Rebuilding New Orleans
Stephen McGarveyStephen McGarvey is the Executive Editor of Crosswalk.com and Christianity.com for the Salem Web Network. He is a World Journalism Institute fellow and has previously worked for BreakPoint with Chuck Colson, and the Home School Legal Defense Association. His articles have appeared in several publications including WORLD, The Washington Times, byFaith, BreakPoint WorldView, and the Union Leader (Manchester, NH).
- 2005 Sep 08
Why did chaos reign in New Orleans after Katrina? Is social order in United States really that fragile? It wasn't always this way.
Colunmist Thomas Sowell points to the strong sense entitlement Americans now feel from the goverment as a big part of the reason.
Fear, grief, desperation or despair would be understandable in people whose lives have been devastated by events beyond their control. Regret might be understandable among those who were warned to evacuate before the hurricane hit but who chose to stay. Yet the word being heard from those on the scene is "angry."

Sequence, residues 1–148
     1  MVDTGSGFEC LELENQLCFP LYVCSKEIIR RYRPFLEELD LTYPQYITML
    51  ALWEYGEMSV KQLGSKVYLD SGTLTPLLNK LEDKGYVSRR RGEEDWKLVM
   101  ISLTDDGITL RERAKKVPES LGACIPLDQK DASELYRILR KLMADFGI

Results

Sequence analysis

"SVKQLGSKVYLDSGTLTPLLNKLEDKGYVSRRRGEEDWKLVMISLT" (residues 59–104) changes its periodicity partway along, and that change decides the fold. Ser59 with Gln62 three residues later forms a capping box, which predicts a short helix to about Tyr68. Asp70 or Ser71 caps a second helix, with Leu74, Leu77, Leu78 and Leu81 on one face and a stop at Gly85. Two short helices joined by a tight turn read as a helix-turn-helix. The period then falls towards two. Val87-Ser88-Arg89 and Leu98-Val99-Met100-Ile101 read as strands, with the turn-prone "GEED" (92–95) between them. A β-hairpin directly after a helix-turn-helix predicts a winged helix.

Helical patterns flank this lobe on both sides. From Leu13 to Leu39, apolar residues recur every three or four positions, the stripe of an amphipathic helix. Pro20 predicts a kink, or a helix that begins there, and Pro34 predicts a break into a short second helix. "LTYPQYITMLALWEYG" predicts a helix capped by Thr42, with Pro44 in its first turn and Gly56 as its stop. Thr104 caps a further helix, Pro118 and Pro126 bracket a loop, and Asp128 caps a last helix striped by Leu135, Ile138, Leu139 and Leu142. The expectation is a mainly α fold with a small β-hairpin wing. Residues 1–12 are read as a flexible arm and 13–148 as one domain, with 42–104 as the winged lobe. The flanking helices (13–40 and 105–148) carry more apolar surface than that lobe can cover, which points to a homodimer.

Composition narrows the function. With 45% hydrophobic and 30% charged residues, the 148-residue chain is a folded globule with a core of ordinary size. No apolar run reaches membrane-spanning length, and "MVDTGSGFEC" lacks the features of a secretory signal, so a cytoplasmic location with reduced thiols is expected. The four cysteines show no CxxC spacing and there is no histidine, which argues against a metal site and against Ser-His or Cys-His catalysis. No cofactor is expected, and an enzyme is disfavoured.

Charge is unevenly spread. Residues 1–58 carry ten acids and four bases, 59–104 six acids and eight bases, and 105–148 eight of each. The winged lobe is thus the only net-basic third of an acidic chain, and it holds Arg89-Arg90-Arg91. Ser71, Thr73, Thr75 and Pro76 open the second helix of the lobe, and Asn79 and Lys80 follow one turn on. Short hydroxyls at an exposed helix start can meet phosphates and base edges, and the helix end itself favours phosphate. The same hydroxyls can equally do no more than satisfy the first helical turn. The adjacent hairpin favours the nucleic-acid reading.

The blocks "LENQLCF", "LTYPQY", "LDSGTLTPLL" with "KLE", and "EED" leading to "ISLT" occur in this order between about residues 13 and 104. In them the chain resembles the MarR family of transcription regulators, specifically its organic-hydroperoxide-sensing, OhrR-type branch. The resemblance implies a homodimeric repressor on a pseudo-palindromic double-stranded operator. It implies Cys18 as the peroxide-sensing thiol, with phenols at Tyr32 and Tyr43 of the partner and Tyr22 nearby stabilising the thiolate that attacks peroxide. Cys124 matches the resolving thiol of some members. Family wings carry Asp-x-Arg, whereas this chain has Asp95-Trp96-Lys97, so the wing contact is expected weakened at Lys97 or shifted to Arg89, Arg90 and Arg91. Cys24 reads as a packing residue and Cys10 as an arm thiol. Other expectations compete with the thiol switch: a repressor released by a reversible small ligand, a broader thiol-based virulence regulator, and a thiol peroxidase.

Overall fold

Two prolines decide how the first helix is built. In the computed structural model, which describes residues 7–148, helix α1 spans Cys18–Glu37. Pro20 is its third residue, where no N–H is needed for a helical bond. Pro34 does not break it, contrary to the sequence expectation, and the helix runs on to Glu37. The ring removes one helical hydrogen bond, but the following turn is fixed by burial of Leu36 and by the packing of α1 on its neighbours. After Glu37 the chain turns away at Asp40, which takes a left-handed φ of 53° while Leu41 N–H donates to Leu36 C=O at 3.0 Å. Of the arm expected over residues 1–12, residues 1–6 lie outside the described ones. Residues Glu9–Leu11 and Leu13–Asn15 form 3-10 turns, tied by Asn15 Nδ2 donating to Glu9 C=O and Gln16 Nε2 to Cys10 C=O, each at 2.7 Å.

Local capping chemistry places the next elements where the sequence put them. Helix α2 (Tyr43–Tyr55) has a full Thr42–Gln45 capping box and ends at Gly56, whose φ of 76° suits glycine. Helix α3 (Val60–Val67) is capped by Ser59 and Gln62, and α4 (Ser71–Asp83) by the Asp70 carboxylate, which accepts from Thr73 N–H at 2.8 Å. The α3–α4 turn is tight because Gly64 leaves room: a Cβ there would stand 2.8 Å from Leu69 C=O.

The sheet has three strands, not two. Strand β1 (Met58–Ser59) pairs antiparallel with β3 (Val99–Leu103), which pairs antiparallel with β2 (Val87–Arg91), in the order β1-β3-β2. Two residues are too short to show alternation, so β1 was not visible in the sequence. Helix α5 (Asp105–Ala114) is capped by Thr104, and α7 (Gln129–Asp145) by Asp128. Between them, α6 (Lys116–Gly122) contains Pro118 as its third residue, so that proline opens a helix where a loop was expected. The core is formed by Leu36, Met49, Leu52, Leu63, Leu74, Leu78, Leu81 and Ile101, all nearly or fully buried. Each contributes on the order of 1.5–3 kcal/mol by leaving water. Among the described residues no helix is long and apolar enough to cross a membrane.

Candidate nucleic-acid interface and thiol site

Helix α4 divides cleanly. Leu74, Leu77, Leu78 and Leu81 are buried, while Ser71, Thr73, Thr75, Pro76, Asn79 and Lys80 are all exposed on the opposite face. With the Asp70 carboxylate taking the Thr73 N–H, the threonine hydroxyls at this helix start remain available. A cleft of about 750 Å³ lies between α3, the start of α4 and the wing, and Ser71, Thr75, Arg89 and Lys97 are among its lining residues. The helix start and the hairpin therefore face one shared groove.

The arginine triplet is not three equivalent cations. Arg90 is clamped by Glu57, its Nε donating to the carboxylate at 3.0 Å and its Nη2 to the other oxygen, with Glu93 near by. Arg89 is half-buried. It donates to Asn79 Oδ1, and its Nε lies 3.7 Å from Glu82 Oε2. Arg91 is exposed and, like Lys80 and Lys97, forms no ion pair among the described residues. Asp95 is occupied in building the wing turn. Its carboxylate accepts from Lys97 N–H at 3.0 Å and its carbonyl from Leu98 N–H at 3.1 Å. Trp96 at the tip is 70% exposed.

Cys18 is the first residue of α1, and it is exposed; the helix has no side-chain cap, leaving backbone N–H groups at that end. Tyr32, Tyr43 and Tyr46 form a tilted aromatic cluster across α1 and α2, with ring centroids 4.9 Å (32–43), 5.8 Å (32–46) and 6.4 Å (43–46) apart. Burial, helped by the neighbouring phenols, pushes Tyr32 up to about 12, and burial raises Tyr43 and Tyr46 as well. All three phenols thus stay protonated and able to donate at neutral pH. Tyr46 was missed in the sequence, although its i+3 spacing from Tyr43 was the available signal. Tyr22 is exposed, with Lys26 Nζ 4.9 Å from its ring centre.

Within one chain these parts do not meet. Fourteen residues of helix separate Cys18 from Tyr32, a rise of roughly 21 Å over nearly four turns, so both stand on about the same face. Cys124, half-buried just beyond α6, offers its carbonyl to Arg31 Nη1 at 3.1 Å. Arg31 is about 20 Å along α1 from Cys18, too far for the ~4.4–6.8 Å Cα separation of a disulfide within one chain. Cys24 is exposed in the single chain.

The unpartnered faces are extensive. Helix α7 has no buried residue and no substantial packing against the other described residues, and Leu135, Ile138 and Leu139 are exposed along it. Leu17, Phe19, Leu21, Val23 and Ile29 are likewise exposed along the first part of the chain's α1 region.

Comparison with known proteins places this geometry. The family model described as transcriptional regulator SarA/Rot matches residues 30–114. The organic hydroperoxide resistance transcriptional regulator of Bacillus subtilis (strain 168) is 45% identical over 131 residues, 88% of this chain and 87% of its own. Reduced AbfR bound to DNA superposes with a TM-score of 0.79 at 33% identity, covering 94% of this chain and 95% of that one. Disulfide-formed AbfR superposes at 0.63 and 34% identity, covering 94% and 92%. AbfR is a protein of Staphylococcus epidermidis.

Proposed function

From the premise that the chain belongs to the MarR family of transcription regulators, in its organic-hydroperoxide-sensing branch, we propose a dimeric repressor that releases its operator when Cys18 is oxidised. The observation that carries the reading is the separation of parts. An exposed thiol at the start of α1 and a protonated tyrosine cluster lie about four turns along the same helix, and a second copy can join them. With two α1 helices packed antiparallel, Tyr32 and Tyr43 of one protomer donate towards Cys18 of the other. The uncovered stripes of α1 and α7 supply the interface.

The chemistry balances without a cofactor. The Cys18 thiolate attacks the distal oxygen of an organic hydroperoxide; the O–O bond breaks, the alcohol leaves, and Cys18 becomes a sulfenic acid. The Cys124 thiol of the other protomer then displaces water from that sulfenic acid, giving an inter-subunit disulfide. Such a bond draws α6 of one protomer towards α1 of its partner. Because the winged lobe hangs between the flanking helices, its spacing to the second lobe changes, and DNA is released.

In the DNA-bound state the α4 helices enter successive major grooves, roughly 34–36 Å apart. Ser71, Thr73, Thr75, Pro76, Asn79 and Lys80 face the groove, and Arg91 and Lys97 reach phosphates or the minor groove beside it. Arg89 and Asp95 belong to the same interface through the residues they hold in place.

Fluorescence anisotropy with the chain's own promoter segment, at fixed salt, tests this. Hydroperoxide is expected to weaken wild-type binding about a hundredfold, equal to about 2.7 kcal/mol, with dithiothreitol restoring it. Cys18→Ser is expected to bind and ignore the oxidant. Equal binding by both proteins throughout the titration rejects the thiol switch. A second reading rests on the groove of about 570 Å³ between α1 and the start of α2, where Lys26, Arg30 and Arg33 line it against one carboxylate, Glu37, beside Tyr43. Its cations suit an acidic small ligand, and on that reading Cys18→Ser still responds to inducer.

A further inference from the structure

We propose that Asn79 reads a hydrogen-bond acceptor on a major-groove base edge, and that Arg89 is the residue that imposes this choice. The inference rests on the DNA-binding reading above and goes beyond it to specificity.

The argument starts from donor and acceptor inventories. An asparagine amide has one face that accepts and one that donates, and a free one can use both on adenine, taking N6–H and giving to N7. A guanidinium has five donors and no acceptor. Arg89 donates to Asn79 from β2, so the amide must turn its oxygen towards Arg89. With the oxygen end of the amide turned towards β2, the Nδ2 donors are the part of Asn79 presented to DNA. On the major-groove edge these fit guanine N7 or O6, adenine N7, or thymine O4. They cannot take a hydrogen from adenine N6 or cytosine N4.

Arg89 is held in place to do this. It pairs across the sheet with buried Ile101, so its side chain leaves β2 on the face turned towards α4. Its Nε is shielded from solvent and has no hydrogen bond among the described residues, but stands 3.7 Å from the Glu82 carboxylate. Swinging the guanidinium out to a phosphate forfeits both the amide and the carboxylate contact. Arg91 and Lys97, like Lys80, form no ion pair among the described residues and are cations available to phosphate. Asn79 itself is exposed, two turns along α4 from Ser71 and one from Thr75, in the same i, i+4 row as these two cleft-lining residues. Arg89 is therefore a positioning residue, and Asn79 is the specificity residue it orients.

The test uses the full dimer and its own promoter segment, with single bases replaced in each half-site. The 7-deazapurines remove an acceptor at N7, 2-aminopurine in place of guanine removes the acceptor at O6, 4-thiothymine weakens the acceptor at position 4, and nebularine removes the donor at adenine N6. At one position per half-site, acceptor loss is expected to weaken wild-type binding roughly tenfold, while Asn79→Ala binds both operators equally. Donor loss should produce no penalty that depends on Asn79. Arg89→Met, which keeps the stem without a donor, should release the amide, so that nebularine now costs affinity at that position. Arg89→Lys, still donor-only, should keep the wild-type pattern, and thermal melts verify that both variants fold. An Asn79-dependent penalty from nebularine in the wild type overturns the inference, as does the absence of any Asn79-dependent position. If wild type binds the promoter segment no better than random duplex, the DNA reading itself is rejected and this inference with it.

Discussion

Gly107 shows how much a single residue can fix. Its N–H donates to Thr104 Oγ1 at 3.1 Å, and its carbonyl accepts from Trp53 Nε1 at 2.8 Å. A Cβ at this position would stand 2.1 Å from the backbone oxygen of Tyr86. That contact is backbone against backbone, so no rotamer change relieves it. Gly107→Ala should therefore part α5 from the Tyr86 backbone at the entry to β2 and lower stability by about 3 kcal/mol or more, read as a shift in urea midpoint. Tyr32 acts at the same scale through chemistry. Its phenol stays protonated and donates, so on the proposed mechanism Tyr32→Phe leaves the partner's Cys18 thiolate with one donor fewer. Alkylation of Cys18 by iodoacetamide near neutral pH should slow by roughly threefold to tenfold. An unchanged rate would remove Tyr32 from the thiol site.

That may be a clue, not only to the breakdown of decency in New Orleans, but to a wider degeneration in American society in recent decades.
Why are people angry? And at whom?
Apparently they are angry at government officials for not having rescued them sooner, or taken care of them better, or for letting law and order break down.
Do we really expect the government to eliminate all the pain and sadness from out lives? Can we require the government to prevent every disaster that befalls us?
When all is said and done, government is ultimately just human beings -- politicians, judges, bureaucrats. Maybe the reason we are so often disappointed with them is that they have over-promised and we have been gullible enough to believe them.
Government cannot solve all our problems, even in normal times, much less during a catastrophe of nature that reminds man how little he is, despite all his big talk.
Read the complete article on Townhall: Rebuilding New Orleans -- and America.